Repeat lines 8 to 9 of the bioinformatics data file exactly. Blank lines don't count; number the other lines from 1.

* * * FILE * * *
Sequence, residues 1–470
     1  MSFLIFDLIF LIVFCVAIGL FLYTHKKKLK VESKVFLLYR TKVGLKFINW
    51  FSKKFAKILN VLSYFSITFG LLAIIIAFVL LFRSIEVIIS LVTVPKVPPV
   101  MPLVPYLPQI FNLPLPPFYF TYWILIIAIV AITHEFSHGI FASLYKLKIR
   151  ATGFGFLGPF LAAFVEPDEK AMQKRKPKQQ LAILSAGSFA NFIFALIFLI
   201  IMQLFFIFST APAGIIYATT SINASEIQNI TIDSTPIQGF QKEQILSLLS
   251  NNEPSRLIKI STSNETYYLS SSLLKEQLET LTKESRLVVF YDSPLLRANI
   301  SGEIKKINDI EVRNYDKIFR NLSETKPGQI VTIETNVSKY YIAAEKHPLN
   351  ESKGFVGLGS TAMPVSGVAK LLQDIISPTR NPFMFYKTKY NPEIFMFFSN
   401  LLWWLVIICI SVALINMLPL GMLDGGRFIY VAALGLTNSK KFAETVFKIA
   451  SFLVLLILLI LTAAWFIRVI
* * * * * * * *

   301  SGEIKKINDI EVRNYDKIFR NLSETKPGQI VTIETNVSKY YIAAEKHPLN
   351  ESKGFVGLGS TAMPVSGVAK LLQDIISPTR NPFMFYKTKY NPEIFMFFSN